Once, when I was working in one small company, I was offered to conduct an interview with a candidate for the QA engineer position. At that time I did not have experience in that, and naturally, the first thoughts were "What to ask? What to do?".
After some time, after a large number of interviews in QA sphere, I can say with confidence that the interview is, first of all, very interesting. This is a unique opportunity to learn about what processes, methods, approaches work on real projects, what problems arise and what solutions are applied.
Interviews are always a stress for both sides.
For the candidate – everything is obvious, he wants to get a job and must put his best foot forward. Most candidates try to answer all the questions, even if they don’t know the answer. And different ways usually used – like inventing an answer based on conjectures, google search on the fly or something else. All of this, of course, is not comme il faut and definitely not beneficial. It is very important to be yourself and to answer as honestly as possible. For example, if a candidate was faced with stress testing in a way that someone in the team conducted it, and the candidate was standing beside, then there is no need to write in the resume that "I'm an expert in stress testing". After all, there will be no answers to the in-depth questions. It is obvious, but a huge number of candidates do just that.
If you want to know, it is also rather hard for the interviewer – he needs to evaluate the candidate objectively and eventually make a very important decision. The first interviews that I conducted were very dry and academic. At that time it seemed to me that this is how it should be, after all, the interview is a serious process :) But over time I realized that the first thing that should be done is to win the person over. It is important at the very beginning of the conversation to remove tension and show that the interview will be easy and friendly, regardless of how the candidate will cope with the questions. For example, it is not superfluous to ask some informal questions, like "How’s the weather now at your homeland" (if the candidate is from another country or city), to find out the interests of a person, in addition to the main job, something like that. And of course, a smile and appropriate jokes will also help to relieve tension. The more relaxed the atmosphere of the interview, the more objective and adequate will be the impression of the candidate.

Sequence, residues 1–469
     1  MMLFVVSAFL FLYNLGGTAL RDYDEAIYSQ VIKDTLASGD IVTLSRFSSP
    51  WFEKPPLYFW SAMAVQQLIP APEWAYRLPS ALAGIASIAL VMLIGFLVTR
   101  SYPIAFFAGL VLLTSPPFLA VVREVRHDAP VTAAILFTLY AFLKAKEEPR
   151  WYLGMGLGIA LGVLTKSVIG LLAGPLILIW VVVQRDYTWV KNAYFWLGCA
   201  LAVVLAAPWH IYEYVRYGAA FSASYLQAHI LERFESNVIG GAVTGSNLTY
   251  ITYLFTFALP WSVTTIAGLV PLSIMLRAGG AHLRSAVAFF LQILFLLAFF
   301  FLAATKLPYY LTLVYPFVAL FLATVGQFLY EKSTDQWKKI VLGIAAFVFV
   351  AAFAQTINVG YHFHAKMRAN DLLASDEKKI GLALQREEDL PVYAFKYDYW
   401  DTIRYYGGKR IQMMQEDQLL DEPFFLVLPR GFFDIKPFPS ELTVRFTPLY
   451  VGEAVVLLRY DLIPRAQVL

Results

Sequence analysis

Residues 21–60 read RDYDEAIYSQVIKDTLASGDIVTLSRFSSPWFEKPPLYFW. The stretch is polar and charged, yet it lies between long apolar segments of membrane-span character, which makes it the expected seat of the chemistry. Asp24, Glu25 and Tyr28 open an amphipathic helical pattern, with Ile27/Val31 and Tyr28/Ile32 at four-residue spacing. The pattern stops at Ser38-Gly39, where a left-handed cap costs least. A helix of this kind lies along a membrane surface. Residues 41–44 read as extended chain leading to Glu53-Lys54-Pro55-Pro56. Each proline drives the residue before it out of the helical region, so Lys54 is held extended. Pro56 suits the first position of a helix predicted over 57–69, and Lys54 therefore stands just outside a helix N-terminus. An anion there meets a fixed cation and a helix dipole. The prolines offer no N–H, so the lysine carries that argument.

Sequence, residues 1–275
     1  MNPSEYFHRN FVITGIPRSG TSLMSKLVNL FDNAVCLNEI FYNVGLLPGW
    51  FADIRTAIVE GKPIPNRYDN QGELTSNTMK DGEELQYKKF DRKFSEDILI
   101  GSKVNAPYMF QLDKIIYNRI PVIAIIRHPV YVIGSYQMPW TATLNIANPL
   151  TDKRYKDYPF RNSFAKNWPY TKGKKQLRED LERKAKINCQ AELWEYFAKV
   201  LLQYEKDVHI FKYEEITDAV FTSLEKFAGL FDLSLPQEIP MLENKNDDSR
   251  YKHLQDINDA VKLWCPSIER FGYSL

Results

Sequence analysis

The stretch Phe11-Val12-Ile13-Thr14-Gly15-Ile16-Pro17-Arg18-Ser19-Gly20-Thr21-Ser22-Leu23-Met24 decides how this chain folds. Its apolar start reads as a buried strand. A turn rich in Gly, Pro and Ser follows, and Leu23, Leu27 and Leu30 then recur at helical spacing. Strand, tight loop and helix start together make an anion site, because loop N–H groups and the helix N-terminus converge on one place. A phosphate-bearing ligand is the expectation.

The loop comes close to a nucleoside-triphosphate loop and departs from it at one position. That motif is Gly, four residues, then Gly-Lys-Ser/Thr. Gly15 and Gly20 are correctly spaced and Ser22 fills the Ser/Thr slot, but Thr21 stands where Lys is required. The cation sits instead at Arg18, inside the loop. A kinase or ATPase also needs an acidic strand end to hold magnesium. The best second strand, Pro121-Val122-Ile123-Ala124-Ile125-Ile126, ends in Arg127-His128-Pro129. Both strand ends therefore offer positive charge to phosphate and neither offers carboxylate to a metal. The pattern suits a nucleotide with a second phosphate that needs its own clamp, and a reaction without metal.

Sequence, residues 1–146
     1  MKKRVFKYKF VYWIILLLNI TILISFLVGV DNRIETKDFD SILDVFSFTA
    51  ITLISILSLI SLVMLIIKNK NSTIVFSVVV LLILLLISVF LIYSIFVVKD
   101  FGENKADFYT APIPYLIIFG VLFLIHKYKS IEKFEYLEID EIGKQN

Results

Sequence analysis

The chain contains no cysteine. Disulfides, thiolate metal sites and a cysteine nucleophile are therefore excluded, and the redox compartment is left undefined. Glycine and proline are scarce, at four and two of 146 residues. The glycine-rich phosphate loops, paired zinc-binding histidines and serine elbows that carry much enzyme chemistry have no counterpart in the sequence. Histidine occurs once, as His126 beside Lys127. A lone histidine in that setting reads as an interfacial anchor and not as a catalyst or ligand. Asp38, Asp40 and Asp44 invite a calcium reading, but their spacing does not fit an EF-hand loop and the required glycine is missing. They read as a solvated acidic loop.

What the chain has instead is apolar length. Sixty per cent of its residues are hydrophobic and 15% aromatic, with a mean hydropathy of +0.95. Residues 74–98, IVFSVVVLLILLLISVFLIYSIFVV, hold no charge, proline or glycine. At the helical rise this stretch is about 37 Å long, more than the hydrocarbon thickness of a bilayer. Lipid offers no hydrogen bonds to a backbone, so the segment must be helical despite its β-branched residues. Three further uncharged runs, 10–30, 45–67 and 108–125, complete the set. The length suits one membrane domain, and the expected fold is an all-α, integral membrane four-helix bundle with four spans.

It often happens that the candidate is not prepared, responds poorly and at the very beginning, it becomes clear that he is not suitable for the position. Earlier I tried to just finish the interview as quickly as possible, saying the trivial phrase "Thank you, HR will contact you" so as not to waste my time and time of the candidate, but then came to the conclusion that something is wrong. Now I think that in cases like that it will be more useful to honestly tell what kind of specialist we need and why the candidate does not suit. If it is clear that a person has very little experience and this is one of his first interviews, it will not be superfluous to advise the candidate about useful information to read or to study in order to fill in the gaps and become more prepared for interviews in the future. The candidate, realizing that he is not suitable, would still be grateful for advice and information, and there’s a high probability that the conversation will end on a positive note. Who knows, maybe the same person will come back for an interview again and brilliantly pass. And everyone will win.
Do not discuss issues that are not your area of expertise. For example, you do not need to answer questions about salary, if there is a person within the company who deals with this issue directly.
The checklist of questions should be well adapted to the experience and knowledge of a particular candidate, as well as to vacancy requirements. For example, if a person was engaged in management tasks for some time, and the last time he was dealing with automation testing was a few years ago, then there is no need to ask deeply about automation – he hardly remembers the topic.
It is necessary to clearly understand what is required from the candidate and to compare it with not only his experience, knowledge and role in the latest projects but also to find out what interests him most; how he wants to develop in the future.
Of course, there are times when the candidate has a very high opinion of himself, behaves defiantly, emphasizing his individuality and uniqueness. Yes, it happens and in this case, it's better not to waste time.
There is no doubt that it’s much more comfortable and effective to work with an adequate and decent person than with a ‘difficult’ person, even if he has great experience and skills.
Understandably, to get a good look at the set of the candidate's human qualities during the interview is not really possible, but if there is even the slightest doubt; if the intuition says "there’s something wrong" despite the person having good experience and skills, it is better to say no. It can spare your nerves and save your time in case that person goes to work and you realize that doubts were not in vain, and it was better to trust your intuition.